Posts Tagged ‘Laurel Brunner’

  • Spreading the sustainability message

    We’ve heard it from brands, environmental groups, consumer associations and governments and more recently credit card companies. They are all doing a great job at communicating the need to reduce Greenhouse Gas (GHG) emissions through reduced environmental impacts. But much more could be done and we see a massive opportunity for industry associations to take up the mantra and provide guidelines for their members.

    Print industry associations, publishers associations, author and journalists associations et al, should be doing their bit for the environment. But relatively few have any sort of coherent policy when it comes to supporting members’ aspirations to be more green. Trawling sites online dragged up a few cursory attempts, but it’s clear that many industry associations, say for the newspaper sector or for book publishing, have any solid ideas or guidance for their members. In fact it looks like they haven’t a clue.

    We need sector specific policy statements for managing environmental impact and sustainability and they should cover shared concerns, tweaked to be meaningful for different member interests. All of these policy statements should include an environmental checklist, and should provide a sensible starting point for how to reduce negative environmental impacts. A bit of basic background wouldn’t go amiss either.

    Top of the list should be improving waste management throughout the supply chain, with suggestions for how to meet the three Rs: Reduce, Reuse, Recycle in order to cut waste. For printed newspapers, for instance, there are plenty of options, such as lining cat litter trays, packing precious stuff for storage or transport, papering a wall with favourite front pages, composting, insulation, starting fires and barbeques, sorting for recycling and so on. For books the same ideas apply, but with less perishable content you can also focus on reuse. Share books with friends; donate them to schools, hospitals and care homes; leave a few tomes at local rail and bus stations to help bored travellers to wile away the time; and use them to prop up wonky furniture. They can even be turned into sculptures or some other form of artistic expression.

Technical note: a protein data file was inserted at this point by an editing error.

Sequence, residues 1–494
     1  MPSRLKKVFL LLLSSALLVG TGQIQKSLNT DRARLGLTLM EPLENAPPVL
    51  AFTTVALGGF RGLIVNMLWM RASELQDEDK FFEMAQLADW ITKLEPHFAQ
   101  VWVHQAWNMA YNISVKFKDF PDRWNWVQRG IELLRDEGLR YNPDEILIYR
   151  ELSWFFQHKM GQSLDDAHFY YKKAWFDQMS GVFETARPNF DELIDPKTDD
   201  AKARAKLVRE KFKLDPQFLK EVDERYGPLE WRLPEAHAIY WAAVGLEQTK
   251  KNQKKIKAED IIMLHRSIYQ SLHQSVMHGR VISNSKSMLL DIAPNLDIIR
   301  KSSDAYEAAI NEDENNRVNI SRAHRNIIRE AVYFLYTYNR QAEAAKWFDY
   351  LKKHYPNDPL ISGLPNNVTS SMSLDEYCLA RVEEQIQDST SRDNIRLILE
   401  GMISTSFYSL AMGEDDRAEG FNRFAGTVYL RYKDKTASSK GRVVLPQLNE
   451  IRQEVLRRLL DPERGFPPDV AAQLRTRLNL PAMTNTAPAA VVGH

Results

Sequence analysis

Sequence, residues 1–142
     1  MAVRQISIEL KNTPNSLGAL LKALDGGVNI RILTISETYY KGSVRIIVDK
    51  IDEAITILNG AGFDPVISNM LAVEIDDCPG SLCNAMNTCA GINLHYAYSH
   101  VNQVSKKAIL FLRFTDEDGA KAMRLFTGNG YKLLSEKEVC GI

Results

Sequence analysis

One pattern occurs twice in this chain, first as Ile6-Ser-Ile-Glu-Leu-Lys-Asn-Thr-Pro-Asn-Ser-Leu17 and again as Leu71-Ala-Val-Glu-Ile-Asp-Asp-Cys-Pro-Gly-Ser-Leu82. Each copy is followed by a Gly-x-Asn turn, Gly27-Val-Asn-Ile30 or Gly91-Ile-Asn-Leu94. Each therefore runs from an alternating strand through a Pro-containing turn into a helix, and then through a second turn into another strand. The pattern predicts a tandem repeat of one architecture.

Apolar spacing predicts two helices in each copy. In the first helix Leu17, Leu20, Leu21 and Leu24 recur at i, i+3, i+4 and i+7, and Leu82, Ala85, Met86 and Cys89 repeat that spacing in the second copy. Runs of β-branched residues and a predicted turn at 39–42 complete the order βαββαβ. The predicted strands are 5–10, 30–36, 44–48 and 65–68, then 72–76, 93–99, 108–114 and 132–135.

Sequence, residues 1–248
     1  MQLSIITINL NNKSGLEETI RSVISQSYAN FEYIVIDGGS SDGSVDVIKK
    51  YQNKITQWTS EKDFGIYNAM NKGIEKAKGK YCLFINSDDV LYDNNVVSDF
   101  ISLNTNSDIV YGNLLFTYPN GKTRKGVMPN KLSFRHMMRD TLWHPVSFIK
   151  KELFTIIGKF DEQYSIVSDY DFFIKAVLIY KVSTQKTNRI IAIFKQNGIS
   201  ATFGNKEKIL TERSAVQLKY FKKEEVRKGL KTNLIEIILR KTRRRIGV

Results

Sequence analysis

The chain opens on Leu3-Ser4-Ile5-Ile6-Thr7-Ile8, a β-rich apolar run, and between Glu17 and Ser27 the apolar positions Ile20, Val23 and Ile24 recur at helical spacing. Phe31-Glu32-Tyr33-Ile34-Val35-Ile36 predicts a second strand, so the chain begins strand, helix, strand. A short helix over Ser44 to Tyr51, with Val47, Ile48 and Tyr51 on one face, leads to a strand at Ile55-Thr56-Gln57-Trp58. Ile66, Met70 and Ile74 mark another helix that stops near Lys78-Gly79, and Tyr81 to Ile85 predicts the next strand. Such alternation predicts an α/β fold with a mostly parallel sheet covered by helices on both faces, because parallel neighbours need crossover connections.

The point here is for associations in the graphics industry and its supply chains to take a leadership position, share ideas and encourage members to take ownership of improving print’s environmental impact. The difference could be substantial and might encourage more people to use print instead of electronic media. Knowing that they are using a sustainable channel can make a huge difference to how they invest in knowledge and entertainment. It starts with the three Rs.

    – Laurel Brunner

    This article was produced by the Verdigris Project, an industry initiative intended to raise awareness of print’s positive environmental impact. This weekly commentary helps printing companies keep up to date with environmental standards, and how environmentally friendly business management can help improve their bottom lines. Verdigris is supported by the following companies: Agfa Graphics, EFI, Fespa, HP, Kodak, Kornit, Ricoh, Spindrift, Splash PR, Unity Publishing and Xeikon.

  • UV-curing inks can double plate use: Brunner

    UV-curing inks can mess with the printing plates and compromise run lengths, sometimes cutting plate durability very substantially, writes printing industry sustainability consultant Laurel Brunner.

    ‘Not an entirely rosy picture’: Laurel Brunner, MD Digital Dots.